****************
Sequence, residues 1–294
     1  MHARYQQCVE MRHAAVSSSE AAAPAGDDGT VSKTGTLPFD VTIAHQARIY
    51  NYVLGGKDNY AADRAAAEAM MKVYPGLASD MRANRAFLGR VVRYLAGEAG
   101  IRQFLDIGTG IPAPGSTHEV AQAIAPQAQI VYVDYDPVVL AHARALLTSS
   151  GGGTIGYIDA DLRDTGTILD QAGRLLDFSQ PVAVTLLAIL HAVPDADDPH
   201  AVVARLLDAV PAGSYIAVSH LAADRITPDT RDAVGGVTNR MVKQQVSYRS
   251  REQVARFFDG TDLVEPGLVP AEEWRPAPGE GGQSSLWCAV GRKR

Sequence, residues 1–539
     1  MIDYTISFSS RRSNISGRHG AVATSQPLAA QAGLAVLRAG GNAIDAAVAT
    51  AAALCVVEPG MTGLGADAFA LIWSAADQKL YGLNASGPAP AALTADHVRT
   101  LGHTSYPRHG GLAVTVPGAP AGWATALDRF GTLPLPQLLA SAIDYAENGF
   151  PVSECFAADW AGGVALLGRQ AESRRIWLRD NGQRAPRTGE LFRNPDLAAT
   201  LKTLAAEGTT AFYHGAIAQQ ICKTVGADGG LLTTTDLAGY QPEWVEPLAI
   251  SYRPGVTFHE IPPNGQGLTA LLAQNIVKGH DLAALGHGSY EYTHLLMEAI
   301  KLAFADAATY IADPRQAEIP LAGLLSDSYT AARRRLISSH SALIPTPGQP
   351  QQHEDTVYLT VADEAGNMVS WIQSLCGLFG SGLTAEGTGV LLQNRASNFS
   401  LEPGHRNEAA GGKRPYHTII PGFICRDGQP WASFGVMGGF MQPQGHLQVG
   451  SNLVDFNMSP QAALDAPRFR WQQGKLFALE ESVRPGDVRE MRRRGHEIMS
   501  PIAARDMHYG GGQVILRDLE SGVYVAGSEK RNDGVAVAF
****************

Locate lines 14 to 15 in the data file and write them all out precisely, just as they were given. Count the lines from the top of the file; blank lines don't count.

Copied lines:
   251  SYRPGVTFHE IPPNGQGLTA LLAQNIVKGH DLAALGHGSY EYTHLLMEAI
   301  KLAFADAATY IADPRQAEIP LAGLLSDSYT AARRRLISSH SALIPTPGQP